Meanwhile, Sutherland had filed an adversarial proceeding in the Kaonohi bankruptcy, demanding specific performance by either Kaonohi or Stallone of the contract for purchase of the land. The district court dismissed Kaonohi on the ground Kaonohi was unable to provide the requested relief because title had passed to Stallone. The court later dismissed Sutherland's specific performance claim against Stallone for want of subject matter jurisdiction, holding that this claim was not sufficiently related to the bankruptcy proceedings to create jurisdiction under 28 U.S.C. § 1334(b). Sutherland's appeal from this dismissal, and from the prior dismissal of Kaonohi as a defendant in the adversarial proceeding, is before us in In re Kaonohi Ohana, Ltd., C.A. No. 87-2680.
We consider first the issues raised in Kaonohi's appeal from the judgment entered on remand from this court in the action for declaratory relief.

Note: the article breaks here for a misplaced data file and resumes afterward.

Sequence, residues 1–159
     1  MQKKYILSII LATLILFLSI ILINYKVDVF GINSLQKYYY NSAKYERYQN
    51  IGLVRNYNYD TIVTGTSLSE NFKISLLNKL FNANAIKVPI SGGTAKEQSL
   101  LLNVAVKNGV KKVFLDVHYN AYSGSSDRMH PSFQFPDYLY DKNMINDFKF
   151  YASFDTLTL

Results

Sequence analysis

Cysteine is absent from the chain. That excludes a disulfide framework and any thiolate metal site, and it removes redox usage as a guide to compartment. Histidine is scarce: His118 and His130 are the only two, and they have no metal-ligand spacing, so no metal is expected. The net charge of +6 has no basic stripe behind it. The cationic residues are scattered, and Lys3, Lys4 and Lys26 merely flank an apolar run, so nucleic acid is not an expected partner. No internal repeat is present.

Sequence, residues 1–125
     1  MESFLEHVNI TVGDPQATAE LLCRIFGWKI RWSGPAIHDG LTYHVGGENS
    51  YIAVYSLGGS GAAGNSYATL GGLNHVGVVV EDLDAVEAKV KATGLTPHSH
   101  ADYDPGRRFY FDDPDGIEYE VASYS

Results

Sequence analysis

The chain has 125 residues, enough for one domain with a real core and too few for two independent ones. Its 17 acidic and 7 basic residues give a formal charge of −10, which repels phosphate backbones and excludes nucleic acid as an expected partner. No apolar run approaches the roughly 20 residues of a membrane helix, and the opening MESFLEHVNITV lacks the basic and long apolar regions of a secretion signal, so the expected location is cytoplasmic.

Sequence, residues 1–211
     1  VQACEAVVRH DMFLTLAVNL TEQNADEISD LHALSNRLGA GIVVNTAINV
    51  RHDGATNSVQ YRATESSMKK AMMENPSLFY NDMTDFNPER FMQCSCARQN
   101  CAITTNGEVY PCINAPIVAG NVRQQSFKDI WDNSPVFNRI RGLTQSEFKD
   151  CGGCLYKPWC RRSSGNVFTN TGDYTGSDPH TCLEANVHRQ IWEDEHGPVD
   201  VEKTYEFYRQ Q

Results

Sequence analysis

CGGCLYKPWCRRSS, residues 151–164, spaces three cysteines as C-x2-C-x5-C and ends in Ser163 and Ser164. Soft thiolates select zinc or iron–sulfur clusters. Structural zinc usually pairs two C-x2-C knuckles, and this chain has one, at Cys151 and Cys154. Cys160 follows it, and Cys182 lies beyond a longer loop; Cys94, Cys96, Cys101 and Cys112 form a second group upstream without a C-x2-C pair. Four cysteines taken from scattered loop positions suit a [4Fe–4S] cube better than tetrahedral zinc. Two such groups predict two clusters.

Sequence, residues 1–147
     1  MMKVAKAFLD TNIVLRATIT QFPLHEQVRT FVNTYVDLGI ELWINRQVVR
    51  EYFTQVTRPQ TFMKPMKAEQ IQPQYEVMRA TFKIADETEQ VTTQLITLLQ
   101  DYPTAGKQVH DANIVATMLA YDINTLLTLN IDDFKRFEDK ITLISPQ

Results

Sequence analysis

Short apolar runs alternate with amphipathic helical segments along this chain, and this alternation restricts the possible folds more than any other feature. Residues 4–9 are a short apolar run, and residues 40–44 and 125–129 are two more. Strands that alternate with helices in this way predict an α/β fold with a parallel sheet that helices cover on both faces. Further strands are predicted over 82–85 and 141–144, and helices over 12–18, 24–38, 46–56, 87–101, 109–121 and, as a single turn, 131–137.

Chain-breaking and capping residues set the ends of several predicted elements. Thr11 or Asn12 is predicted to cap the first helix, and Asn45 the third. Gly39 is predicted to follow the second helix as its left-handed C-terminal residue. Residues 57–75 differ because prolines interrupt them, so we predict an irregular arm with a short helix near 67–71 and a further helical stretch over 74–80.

The district court's judgment "declar [ed] that Sutherland and Kaonohi Ohana had a valid contract, which contract was breached by Kaonohi." Kaonohi insists the court was required to consider its factual defenses before declaring the contract binding. Kaonohi fears the judgment as entered will preclude it from obtaining a trial on these defenses, especially because the district court expressly noted "the possibility that collateral estoppel might bar any future attempts by [Kaonohi] to raise other issues regarding the validity of the contract."
We do not read the district court's judgment as broadly as does Kaonohi, and therefore affirm.
All Kaonohi sought in its original complaint was a declaration that the Sutherland contract either was or was not binding to the extent that Haw.Rev.Stat. Sec. 416-33 either did or did not void the contract. Kaonohi explains that it expected to litigate its factual defenses in Sutherland's breach of contract case if its legal defenses under section 416-33 were rejected in the declaratory judgment suit.